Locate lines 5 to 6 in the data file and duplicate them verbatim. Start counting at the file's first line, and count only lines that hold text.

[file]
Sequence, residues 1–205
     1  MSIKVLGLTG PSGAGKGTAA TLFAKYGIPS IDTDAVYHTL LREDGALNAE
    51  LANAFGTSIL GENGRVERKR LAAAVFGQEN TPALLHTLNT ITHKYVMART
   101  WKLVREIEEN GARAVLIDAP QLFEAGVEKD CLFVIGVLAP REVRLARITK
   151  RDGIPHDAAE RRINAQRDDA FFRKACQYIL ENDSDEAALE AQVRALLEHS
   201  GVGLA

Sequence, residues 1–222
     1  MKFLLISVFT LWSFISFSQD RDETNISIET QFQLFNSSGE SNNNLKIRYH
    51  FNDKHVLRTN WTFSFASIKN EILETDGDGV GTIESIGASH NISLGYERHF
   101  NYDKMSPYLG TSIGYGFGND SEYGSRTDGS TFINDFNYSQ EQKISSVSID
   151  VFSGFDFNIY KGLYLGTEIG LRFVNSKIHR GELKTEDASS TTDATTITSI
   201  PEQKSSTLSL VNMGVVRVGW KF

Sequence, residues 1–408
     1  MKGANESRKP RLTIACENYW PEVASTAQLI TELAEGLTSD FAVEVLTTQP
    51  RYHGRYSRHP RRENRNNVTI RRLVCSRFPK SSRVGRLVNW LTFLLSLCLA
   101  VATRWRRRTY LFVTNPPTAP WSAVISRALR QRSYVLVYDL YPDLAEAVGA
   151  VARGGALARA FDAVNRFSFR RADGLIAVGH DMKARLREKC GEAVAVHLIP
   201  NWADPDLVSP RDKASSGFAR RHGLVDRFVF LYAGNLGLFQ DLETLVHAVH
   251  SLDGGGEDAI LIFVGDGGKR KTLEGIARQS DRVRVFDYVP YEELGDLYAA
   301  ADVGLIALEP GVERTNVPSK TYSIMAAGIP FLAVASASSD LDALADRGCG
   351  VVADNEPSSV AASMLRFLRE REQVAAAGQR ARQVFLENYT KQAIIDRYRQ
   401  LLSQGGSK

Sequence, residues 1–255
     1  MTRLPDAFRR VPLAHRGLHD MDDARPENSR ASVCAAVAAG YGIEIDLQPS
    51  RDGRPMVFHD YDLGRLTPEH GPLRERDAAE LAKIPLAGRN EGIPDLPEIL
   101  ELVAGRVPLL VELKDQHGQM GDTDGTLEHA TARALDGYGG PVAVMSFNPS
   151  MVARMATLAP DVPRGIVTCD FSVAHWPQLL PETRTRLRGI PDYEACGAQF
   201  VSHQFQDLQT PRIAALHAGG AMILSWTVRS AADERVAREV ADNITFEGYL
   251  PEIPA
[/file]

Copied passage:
   151  RDGIPHDAAE RRINAQRDDA FFRKACQYIL ENDSDEAALE AQVRALLEHS
   201  GVGLA